The Trampled Grass: Tributary States and Self-Reliance in the Indian Ocean Zone of Peace

The Trampled Grass: Tributary States and Self-Reliance in the Indian Ocean Zone of Peace

The Trampled Grass: Tributary States and Self-Reliance in the Indian Ocean Zone of Peace

The Trampled Grass: Tributary States and Self-Reliance in the Indian Ocean Zone of Peace

Synopsis

In his new book Shepherd looks beyond standard cold-war interpretations and conventional North-South development analysis for an explanation not only of the plight of African nations, but of the means to remedy it. His thesis of subordination to continuing superpower dominance offers striking new insights into the debt, famine, war, racism, and human rights violations that plague Third World countries.

Excerpt

This book was conceived of as an attempt to form an adequate explanation of the failures of former colonial peoples, who nevertheless continue full of hope in their search for a better life. Their search has been the greatest human rights enterprise of the twentieth century, yet it is far from completed.

Failures have been obvious when judged in terms of the world conceived of by the original nationalist leaders, from Nkrumah to Nehru and Sukarno and Mao. But if there is an explanation for these failures, then there is a basis for revitalization and for a new projection of freedom.

The title of this book is derived from an African proverb that gives some initial insight into the nature of the conflict. It will be appreciated by those who know Africa firsthand that once the bull elephants have trampled the grass, it can be burned to generate new life. the people then build again.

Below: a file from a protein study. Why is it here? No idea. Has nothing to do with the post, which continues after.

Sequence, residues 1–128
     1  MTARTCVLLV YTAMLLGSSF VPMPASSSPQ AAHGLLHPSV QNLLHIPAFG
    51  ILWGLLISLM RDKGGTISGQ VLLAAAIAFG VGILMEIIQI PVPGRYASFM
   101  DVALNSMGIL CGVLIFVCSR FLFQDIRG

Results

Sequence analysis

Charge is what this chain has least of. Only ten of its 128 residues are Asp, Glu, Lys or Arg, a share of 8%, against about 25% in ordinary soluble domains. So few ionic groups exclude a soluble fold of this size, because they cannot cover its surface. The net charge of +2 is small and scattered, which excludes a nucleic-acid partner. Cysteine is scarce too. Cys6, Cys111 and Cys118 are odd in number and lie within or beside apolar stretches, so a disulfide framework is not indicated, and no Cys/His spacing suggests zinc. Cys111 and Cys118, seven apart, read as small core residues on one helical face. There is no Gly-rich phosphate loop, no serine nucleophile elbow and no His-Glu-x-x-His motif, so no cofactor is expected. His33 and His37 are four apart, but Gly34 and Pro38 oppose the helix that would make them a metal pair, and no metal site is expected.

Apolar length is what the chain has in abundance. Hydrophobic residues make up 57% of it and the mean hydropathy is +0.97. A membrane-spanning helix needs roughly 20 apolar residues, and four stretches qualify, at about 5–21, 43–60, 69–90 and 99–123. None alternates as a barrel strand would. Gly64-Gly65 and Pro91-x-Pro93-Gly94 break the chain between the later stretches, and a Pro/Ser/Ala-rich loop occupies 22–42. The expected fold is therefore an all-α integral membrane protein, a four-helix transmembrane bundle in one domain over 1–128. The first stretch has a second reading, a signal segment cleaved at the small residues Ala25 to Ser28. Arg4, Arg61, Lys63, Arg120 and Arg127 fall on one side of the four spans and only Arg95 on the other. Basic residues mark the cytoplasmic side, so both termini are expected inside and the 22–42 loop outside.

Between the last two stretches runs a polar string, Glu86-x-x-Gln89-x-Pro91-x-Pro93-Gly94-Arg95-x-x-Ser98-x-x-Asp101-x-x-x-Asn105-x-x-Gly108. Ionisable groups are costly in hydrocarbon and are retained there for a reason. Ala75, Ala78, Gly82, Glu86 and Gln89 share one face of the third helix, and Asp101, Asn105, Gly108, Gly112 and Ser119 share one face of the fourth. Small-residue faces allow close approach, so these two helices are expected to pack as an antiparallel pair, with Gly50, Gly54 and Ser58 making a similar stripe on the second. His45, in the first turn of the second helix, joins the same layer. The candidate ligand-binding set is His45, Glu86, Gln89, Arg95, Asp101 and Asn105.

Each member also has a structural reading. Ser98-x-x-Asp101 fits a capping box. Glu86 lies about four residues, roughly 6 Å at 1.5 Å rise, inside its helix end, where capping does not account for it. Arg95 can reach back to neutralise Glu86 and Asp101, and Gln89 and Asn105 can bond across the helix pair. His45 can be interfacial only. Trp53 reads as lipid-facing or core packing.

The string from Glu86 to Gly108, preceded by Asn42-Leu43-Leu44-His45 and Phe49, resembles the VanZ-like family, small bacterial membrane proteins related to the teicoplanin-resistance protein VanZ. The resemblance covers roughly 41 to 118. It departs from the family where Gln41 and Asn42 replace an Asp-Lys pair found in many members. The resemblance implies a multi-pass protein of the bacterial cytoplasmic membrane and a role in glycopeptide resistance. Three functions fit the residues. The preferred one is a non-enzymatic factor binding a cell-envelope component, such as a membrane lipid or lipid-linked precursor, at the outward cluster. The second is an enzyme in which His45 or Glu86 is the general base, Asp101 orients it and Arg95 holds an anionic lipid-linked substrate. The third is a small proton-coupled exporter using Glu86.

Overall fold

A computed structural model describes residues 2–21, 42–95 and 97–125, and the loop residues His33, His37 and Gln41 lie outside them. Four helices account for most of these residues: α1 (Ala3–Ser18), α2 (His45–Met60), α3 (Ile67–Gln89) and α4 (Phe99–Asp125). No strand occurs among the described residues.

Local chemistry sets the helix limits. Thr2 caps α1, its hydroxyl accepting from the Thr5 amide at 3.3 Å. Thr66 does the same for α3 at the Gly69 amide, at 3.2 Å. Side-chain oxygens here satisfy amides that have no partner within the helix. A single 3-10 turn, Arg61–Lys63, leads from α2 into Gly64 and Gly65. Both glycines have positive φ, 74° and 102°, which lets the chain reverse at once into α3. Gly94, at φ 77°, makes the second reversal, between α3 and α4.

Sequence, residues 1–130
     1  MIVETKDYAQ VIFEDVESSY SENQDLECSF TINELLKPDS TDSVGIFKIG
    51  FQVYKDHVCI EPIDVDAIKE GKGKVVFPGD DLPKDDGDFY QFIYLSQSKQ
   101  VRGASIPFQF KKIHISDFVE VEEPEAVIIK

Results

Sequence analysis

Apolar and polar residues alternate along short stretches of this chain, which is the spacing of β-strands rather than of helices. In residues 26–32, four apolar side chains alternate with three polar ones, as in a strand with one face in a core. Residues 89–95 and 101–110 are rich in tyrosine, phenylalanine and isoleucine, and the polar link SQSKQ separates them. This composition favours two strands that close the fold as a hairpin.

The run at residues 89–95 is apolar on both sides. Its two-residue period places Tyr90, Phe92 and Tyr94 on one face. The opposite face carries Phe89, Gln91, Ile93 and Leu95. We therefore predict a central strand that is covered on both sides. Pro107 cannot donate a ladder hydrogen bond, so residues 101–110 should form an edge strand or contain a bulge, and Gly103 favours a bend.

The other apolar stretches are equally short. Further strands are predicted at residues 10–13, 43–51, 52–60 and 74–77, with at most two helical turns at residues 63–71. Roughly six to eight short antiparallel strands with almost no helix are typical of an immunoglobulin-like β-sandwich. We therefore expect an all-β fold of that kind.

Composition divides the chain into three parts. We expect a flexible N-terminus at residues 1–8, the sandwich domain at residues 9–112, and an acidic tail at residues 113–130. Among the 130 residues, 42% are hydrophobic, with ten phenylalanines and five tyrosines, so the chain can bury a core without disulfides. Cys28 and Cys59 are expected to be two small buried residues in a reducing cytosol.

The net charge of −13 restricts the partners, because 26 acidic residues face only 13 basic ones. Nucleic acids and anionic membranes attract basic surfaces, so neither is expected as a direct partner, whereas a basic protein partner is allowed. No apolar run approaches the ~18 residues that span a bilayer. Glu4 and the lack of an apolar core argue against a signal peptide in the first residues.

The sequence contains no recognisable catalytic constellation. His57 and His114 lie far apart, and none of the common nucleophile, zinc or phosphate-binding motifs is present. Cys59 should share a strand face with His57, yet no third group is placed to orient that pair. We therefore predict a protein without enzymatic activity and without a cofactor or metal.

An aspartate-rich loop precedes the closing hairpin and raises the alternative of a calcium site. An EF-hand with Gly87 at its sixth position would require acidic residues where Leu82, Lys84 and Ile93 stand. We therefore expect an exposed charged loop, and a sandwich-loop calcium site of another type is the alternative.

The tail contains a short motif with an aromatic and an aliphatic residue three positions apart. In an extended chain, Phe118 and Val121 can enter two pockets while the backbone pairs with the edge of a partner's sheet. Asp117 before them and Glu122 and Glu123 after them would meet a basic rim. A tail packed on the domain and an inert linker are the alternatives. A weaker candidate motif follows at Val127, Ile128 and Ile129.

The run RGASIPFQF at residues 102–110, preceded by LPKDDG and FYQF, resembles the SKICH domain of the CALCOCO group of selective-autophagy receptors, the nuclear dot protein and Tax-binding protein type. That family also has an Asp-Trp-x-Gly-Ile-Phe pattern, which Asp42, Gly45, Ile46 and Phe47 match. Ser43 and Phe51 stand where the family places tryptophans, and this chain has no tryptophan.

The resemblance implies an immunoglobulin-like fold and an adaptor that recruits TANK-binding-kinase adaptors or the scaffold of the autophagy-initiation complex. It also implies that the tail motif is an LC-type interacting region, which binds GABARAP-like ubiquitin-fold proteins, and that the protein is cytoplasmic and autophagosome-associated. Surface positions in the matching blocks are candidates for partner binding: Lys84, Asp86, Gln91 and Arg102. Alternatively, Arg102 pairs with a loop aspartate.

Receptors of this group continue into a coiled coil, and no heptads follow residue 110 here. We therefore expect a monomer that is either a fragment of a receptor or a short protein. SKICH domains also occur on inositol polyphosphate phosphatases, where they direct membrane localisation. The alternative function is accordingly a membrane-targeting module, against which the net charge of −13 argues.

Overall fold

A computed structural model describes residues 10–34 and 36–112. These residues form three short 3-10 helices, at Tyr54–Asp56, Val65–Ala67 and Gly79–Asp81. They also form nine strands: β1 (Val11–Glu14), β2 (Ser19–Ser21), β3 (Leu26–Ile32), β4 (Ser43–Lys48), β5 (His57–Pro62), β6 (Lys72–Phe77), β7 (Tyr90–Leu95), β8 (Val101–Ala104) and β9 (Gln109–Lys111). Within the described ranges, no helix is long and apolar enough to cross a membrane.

One caution: "tribute" is used here to characterize a world system of relations between superpowers and new states. It is an allegory for the position of weak states in a world dominated by powerful concentrations of industrial capital and superpower rivalry. War, famine, and exploitation follow the course of the arms race and the struggle for dominance in which the Third World is more often the victim than the victor.

Whether the countries of the Third World can escape their tributary status under the superpowers through self-reliance is a subject of great controversy. This book analyzes self-reliance as it has been presented by a number of African intellectuals and leaders. the issues are hotly debated. Readers will have to decide for themselves who is correct.

My research, travels, and personal experiences cover a lifetime. But the primary research was made possible by two extensive tours of Africa and the Indian Ocean in 1979 and again in 1981 and 1986. the generous and hospitable people . . .

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